April 2021 Changes to Electric Company Car Tax

April 2021 Changes to Electric Company Car Tax

With the approach of April comes the beginning of a new tax year, and the end of a lucky break for those with electric vehicle company cars, who have enjoyed 0% taxable benefit since April 2020.

All is not lost, though. In fact, actually very little is changing. First of all, let’s get back to the basics of company cars and benefit in kind.

Company cars and Benefit in Kind

When a company car, it’s a great perk. However, because it is an asset that also provides personal benefit, it’s also taxable.

Benefit in Kind is the tax that employees must pay on their company perks, such as a company car. The amount that you’ll need to pay is dependent on various factors, which include its overall value. For the purposes of this article, we’ll be focusing on the upcoming changes, specifically for EV company cars, but for more information on Benefit in Kind generally, take a look at our guide here.

Electric vehicle company car benefits

So, what makes electric vehicles different? Well, because they are a much more environmentally friendly way to travel - due to not being powered by traditional engines which use gas and release harmful emissions - the government has been incentivising their use. One of the factors for the calculation of Benefit in Kind in recent years has been emissions. Vehicles producing lower levels of Co2 are taxed less as a result.

Read more: What’s the latest on 'Road to Zero' and the Government going green?

Last year, it was decided that the Benefit in Kind tax payable for a purely electric vehicle would be reduced to 0% of its P11D value, making them an even more desirable option. This was always intended to be temporary, and it’s coming to an end in April 2021.

Electric Car Charging

Electric company car benefit changes in 2021

Now, don’t panic, because this isn’t bad news at all. While it’s true that electric company cars will be taxable again, it’s only by the slightest margin. In fact, the rate is only increasing to 1%, until 2022, where it will then rise to 2%, guaranteeing a continuation of minimal monthly payments for these drivers over the next few years.

Realistically, a 0% tax rate, whilst enjoyable, was never going to be a sustainable figure in the long run. The intended increase is slight, and was always outlined in the plan, so it won’t come as a harsh shock to any budgets. And, considering that vehicles with a large production of Co2 are looking to pay up to 37% in tax, it’s still a fantastic deal, and a huge incentive to continue to drive more and more companies to consider electric vehicles over cars with a traditional gas engine.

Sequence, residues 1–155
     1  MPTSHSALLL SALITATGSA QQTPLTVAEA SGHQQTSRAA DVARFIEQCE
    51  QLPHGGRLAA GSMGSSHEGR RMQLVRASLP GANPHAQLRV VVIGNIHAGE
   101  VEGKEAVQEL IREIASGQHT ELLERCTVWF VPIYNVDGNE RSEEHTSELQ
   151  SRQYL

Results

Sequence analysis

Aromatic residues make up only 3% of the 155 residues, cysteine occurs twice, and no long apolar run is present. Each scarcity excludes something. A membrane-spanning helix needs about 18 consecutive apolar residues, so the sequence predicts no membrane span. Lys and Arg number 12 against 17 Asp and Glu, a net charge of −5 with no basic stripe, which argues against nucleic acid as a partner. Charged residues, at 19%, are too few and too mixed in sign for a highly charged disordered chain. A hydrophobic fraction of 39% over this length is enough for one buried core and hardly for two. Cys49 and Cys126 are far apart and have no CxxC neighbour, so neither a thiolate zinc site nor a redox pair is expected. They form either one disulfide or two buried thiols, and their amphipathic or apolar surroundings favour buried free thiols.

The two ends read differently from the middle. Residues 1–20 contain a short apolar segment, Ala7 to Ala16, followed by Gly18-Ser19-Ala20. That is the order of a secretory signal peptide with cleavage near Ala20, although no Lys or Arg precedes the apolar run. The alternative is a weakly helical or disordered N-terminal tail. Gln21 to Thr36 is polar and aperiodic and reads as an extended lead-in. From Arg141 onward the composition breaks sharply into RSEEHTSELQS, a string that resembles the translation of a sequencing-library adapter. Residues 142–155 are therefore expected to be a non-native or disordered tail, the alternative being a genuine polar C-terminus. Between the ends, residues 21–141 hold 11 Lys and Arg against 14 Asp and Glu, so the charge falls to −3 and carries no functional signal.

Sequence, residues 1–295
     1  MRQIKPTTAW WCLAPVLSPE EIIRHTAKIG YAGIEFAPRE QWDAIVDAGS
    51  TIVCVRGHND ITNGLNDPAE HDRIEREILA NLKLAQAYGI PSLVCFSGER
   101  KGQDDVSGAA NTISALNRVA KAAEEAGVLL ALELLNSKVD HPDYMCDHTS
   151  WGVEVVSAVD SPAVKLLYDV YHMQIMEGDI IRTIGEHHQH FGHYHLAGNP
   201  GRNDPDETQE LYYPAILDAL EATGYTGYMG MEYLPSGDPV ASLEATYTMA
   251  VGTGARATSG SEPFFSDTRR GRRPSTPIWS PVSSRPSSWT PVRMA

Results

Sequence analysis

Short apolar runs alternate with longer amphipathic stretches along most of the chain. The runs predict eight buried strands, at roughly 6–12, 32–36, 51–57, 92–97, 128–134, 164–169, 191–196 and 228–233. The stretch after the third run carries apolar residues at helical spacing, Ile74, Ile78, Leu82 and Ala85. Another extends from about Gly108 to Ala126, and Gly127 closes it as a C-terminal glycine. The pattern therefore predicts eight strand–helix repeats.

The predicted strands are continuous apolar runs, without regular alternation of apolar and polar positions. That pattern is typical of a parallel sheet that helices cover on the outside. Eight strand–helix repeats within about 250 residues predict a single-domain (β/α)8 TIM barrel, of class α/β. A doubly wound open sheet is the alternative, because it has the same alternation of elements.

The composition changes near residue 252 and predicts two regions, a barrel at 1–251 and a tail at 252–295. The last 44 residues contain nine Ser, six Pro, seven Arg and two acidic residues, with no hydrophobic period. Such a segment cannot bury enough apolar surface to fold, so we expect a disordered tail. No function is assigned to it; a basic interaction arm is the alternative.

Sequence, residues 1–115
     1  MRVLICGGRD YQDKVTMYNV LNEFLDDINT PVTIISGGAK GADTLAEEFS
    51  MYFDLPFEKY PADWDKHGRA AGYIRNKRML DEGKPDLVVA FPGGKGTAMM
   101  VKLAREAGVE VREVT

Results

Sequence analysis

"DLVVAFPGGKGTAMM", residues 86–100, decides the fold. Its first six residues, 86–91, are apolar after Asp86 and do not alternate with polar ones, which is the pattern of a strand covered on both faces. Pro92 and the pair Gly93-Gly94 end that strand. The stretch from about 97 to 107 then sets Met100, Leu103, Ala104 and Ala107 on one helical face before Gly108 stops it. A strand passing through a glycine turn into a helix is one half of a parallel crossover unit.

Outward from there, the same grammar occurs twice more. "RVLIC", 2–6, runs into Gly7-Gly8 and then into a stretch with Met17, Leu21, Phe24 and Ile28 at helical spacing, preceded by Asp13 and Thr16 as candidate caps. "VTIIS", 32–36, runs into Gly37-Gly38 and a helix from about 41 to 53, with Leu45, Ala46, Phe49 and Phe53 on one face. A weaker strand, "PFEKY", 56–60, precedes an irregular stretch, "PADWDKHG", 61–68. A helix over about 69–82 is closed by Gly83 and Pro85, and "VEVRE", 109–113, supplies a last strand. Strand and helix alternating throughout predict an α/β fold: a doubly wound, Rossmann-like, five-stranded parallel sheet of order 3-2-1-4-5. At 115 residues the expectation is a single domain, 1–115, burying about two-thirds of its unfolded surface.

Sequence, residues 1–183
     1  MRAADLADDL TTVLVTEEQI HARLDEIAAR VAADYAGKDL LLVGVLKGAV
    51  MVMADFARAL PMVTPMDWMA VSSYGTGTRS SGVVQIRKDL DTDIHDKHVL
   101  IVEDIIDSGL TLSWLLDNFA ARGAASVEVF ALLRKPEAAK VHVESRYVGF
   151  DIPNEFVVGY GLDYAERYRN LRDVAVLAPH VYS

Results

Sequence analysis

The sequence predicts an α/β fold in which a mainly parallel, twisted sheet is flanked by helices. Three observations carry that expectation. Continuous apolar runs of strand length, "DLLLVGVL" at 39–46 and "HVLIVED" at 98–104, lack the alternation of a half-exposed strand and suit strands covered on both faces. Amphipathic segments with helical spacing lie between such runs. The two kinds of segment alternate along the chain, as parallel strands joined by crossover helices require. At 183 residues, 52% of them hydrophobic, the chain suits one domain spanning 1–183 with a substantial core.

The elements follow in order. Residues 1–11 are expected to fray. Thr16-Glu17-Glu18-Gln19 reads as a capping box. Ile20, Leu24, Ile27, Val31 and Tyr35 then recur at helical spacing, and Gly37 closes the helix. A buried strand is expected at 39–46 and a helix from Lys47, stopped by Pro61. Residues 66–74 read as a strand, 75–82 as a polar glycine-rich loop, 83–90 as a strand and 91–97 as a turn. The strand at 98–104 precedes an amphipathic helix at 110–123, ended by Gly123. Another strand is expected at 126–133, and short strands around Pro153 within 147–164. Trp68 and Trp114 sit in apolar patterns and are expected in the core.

Read more: What to Consider When Switching to an Electric Vehicle

Though the figure is admittedly rising, company directors and their employees considering electric vehicles should not be put off. Reducing emissions is one of the highest priorities of the UK government, and will continue to be so for the foreseeable future as they strive to meet agreed climate commitments and goals. While tax changes are vital for economic health, it remains in everyone’s best interest for this figure to rise slowly and steadily. Tax benefits concerning EVs aren’t going anywhere.

Here at Rivervale, we’ve got a variety of leasing deals on all kinds of car models to suit your business or personal needs. If you’re interested in leasing a company car, find out a little bit more about doing so, here.

If you'd like to talk to one of our expert team, give us a call on 01273 433480, or request a callback.

Leave a Facebook comment for your chance to win £20 of High Street Vouchers. Each month we pick our favourite comment from the previous month - get involved for your chance to win...

Users must be logged in to Facebook to view and add comments. Comments do not reflect Rivervale's views unless clearly stated.

Back to car leasing blog Next post Previous post
Arval Lex Autolease Alphabet BVRLA Seagulls Leaseplan Leasys Hitachi Santander ODO Fleet Insight ALD

We use cookies to make the website work as well as possible and improve our services.

Accept Cookies Managing cookies